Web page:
When it comes to advertising, sign makers have plenty of options. However, one choice seems to be “attracting” more attention. The cost effectiveness to easily change and update ads with magnetic media has lead to a surge in the market.
“With regard to the printing industry, there are really two main categories of magnetic media—magnet and magnet-receptive,” explained Jodi Haugen, Xcel Products Inc. “The difference is that the first is magnetized and the second bonds to a magnet.”
There are several variables that can determine if magnet or magnetic-receptive should be used. The environment in which the graphics will be installed, the intended surface of application, and frequency of changeability are crucial for a successful install.
First, the customer needs to have a good understanding of how the magnet will be used. “Knowing how it will be used, the size and shape desired, how it will be printed, and what environment it will be exposed will help ensure that the proper magnet is selected for the application,” said Joe Stout, director of marketing and product development, Magnum Magnetics Corp.
Another option is magnetic sheets. “Images are printed on adhesive-backed vinyl and mounted to a very thin magnetic backer,” said Leah Bruhn, manager, brand strategy and communication, ACCO Brands. “The images can be rolled and shipped to be installed by store associates.”
It is important to know exactly where the images will be placed. “A metal surface has to be in place or one will have to be installed,” she said. “Magnetic-backed material is great choice for images that will be changed or updated often because the store personnel can do it themselves.”
Knowing the correct application also helps determine what precautionary means need to be taken.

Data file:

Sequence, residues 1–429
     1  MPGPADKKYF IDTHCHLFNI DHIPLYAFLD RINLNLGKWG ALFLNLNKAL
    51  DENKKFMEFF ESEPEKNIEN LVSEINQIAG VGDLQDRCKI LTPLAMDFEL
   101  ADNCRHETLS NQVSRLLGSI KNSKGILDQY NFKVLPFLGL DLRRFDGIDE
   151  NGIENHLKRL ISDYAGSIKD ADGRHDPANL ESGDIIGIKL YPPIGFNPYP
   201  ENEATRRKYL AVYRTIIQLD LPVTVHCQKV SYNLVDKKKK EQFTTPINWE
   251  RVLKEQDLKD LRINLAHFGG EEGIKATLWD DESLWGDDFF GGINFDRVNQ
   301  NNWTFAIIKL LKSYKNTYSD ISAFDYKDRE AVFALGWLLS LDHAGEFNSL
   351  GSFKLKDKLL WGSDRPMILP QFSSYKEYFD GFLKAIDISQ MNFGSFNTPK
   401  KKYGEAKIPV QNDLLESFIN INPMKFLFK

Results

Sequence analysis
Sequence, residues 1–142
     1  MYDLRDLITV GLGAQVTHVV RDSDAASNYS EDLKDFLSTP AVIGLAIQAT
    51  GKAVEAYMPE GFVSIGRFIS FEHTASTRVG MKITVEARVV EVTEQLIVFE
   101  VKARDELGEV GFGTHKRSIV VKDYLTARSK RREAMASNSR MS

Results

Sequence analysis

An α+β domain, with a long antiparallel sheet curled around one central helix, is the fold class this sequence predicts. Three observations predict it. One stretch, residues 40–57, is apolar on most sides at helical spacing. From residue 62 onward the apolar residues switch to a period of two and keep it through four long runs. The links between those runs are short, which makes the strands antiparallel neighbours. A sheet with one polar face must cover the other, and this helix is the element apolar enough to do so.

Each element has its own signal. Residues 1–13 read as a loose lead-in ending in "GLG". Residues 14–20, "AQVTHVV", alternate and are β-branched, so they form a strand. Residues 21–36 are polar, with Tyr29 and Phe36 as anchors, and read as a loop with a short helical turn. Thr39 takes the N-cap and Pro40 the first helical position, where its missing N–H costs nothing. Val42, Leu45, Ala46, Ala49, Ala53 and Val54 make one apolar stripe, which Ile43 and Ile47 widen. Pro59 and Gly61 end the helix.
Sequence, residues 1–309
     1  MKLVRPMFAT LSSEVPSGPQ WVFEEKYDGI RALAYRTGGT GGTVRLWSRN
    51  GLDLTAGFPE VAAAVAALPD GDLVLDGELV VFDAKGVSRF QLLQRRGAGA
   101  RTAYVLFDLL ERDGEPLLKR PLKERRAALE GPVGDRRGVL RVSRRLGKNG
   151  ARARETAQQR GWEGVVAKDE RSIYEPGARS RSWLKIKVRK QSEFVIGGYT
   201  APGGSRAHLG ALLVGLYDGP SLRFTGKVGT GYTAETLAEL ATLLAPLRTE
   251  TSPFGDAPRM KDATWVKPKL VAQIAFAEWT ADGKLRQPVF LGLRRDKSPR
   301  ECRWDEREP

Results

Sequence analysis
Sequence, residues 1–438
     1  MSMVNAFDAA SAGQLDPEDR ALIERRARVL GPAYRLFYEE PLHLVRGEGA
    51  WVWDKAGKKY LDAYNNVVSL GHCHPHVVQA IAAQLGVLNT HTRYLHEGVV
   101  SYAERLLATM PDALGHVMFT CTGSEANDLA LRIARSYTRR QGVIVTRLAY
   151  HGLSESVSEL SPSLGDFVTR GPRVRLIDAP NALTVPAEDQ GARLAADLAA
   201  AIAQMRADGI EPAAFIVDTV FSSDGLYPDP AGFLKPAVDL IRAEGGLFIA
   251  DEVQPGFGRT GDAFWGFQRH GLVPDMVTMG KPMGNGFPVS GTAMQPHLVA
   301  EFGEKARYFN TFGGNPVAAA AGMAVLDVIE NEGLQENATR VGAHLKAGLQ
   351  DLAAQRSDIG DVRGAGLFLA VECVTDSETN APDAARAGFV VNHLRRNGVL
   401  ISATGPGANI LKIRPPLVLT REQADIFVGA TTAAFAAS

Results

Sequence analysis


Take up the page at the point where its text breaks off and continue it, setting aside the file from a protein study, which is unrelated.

One of the most popular applications is a car sign, however, certain restrictions do apply. “Magnetic media is suitable for road vehicles, but for safety reasons, must only be used on clean, flat surfaces without trapping any dirt or dust particles between the vehicle panels and the magnetic,” warned Martin Kugler, communications director, Hexis USA. Hexis produces a data sheet with a laundry list of precautions, including: do not use on the engine hood; remove at least once a week, clean, and re-apply to a slight off-set area; remove the magnet from the vehicle if the temperature exceeds 86°F in the shade.
Though direct digital printing (DDP) has made life easier, pre-testing is another highly recommended precaution. “Our products are all DDP capable,” said John C. Kanis, vice president and general manager, MagX America, Inc. “There is no need to print on vinyl and then laminate, which is expensive as well as time consuming.” Kanis recommends pre-testing all inks before doing a production run when using digital imaging and says MagX has a link on its website with tips for users.
“Making a small sample for the customer can avoid a lot of problems and confusion,” added Emily Conklin, marketing communications specialist, Drytac Corp.. “Users need to understand the application and use the correct self-adhesive magnetic material as a receptor surface.”
Up to the Challenge
Sometimes just the mention of magnetic media is enough to scare away some clients. It sounds complicated and there are concerns about how to print on magnets. The manufacturers have addressed these issues and, while admitting there are some challenges, say there is nothing to fear.
“For magnetic media the challenges are balancing magnetic strength and weight,” said Bruhn. “The stronger the magnetic force, the heavier the magnet.”
“Printing on magnet can be tricky depending on the type of printer. Be sure to check the print head adjustment to accommodate the different thicknesses. Also, it’s important to be aware that magnetic material will usually be heavier than most printing substrates and you should make any necessary adjustments to ensure the consistent tension and flow of the magnetic sheeting through the printer,” said Melissa Thompson, sales manager, flexible magnetic products, Master Magnetics Inc.
The fact that the product is magnetized presents the most challenges when printing, according to Kanis. “But really, with a little finesse any perceived obstacles can easily be overcome.”